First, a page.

Planned Parenthood’s War Against Choice

Jane Jimenez

Jane Jimenez

June 6, 2005

Choice:  option, alternative, preference, selection, election: suggests the opportunity or privilege of choosing freely

American children are raised on choice.  They cut their teeth on choice.

Stores live or die based on their ability to offer consumers a myriad of choices.  Hotel conglomerates buy up competitors just so they can offer travelers a range of overnight comfort.  Marriott is not just Marriott.  It is Fairfield, Courtyard, Springhill…well, you get the picture.

It’s no wonder that Choice became the mantra of Planned Parenthood.  In their own Encyclopedia of Women’s Health, they list out the reasons “a woman may choose an abortion,” much like you would list the reasons why a girl might choose a pizza.

Choice is captivating.  Marrying choice to freedom, we elevate the power to choose to an inalienable right.  Thus, the sexual revolution was born on the wings of freedom and choice with its emphasis on an array of sexual behaviors from which any man or woman, girl or boy, could simply choose.

And with a sexual revolution came sex education.  In 1970, a training in Philadelphia for Planned Parenthood staff concluded with a day-and-a-half marathon of films and discussion.  The goal of these trainings?  “To lead to desensitization of anxieties surrounding sexual behavior…with a resultant development of understanding and tolerance of the range of sexual behavior.”

For over twenty years, this “tolerance” formed the foundation of sex education programs supported by Planned Parenthood.  They were all about choice…a child’s right to choose sex from a “range” of behaviors…given the “tools” of contraception.  And if it didn’t work out, there was always one more choice.

Planned Parenthood has grown up on choice.  It cut its teeth on choice.

Thus, it is either surprising, alarming or amusing to watch them conduct a war against choice.  This war can be traced back to 1980 when U.S. Senator Jeremiah Denton won congressional approval of the Adolescent Family Life Act (AFLA).  Designed as an “almost exact mirror alternative” to Planned Parenthood’s Title X funding, AFLA set a new course for sex education.  Program objectives emphasized adoption, parental involvement, abstinence from sexual intercourse, and pro-family education for teenagers.

Well… that was just a little too much choice for Planned Parenthood to handle.  It geared up to undo the harm of excess choice.  In Congress, it fought to limit and ultimately decrease AFLA funding at the same time that it sought increases in Title X funding.  It continued to exploit its own federal funding streams flowing from over 100 different laws.  In the battle between U.S. funding of Planned Parenthood-style programs and abstinence programs, they had a funding advantage by one report of at least 75:1.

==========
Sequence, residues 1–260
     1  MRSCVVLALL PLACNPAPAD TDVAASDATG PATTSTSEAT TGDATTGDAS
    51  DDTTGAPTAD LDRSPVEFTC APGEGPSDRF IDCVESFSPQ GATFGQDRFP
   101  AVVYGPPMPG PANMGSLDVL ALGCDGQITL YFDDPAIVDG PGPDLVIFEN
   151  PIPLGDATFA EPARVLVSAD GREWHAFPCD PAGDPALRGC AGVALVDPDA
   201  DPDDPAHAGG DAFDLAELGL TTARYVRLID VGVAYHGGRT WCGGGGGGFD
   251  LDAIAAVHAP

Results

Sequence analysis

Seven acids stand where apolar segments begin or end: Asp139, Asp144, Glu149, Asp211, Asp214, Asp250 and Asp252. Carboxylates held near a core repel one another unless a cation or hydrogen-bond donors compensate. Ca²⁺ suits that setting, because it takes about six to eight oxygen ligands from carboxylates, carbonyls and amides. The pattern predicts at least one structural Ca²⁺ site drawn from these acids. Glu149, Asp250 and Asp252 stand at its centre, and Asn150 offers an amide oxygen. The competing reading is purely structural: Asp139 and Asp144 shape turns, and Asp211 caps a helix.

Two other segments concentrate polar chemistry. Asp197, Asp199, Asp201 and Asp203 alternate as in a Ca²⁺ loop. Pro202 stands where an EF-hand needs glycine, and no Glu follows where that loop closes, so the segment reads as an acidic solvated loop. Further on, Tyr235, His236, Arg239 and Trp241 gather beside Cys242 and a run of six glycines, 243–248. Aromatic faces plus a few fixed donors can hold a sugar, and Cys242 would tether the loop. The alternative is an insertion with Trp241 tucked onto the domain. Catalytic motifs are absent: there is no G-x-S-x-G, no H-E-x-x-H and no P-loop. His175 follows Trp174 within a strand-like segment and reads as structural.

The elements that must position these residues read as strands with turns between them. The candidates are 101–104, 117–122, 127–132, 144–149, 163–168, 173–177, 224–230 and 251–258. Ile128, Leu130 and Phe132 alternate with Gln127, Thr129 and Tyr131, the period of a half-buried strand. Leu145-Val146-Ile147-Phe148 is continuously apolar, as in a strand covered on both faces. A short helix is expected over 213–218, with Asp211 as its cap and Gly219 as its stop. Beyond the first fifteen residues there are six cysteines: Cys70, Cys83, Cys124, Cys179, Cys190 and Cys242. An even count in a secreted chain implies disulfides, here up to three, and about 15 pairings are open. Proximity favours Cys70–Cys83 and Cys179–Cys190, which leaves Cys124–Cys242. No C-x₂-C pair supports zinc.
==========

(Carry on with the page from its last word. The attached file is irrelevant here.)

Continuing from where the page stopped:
Another tactic to eliminate AFLA programs was an attack on the very meaning of the term “abstinence.”  In a March 1987 report written by Marie Haviland-James for the Planned Parenthood Federation, an attack on the abstinence program Sex Respect set out an extensive list of objections including: “many references…to a ‘spiritual’ dimension of sexuality”, “use of the word ‘baby’ for fetus”,  and “unsubstantiated claims” such as “abstinence has future benefits for teens.”

In its battle against choice, Planned Parenthood had no better friend than Senator Edward Kennedy.  In the 101st Congress, he submitted two bills with the intent to subvert the AFLA programs by repealing the focus on adoption and abstinence, requiring abortion counseling, and repealing the mandate for parental involvement.  No wonder, Senator Kennedy received a Planned Parenthood Memo for March 28, 1989, warmly praising his help in crafting legislation to “prevent teenage pregnancy rather than teenage sex.”

Apparently, for Planned Parenthood, choice is worth defending…as long as it is their choice.

Abstinence education is a choice that parents pay for with hard-earned tax dollars.  It is a choice to have medically accurate and complete information presented to their children that helps build understanding of and reinforcement for abstaining from sexual behavior.  It helps teens define future goals, and it is taught by teachers who value teens enough to believe in them and their ability to succeed.

Abstinence education is a choice.  No school district, nor any parent or student, is forced to listen to or believe in the abstinence message.   It is a choice.

Abstinence education is one choice.  Nothing prevents a school from inviting abstinence educators to their campus in October and inviting Planned Parenthood to their campus in February.

But that’s not good enough for Planned Parenthood.  If they are to have their way, we will be paying our taxes to have one choice, and one choice only…theirs.

Choice?  Hey, Planned Parenthood…what about the choice of people who don’t want your choice?

February 21, 2005:  Sex Without Value

April 2, 2004:   Sex Education:  Spinning the Truth